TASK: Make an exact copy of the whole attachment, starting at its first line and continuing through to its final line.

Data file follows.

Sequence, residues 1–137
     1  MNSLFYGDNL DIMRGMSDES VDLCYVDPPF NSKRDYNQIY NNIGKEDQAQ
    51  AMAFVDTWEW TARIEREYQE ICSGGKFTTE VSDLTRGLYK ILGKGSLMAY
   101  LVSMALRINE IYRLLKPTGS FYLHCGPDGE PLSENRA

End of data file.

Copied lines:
Sequence, residues 1–137
     1  MNSLFYGDNL DIMRGMSDES VDLCYVDPPF NSKRDYNQIY NNIGKEDQAQ
    51  AMAFVDTWEW TARIEREYQE ICSGGKFTTE VSDLTRGLYK ILGKGSLMAY
   101  LVSMALRINE IYRLLKPTGS FYLHCGPDGE PLSENRA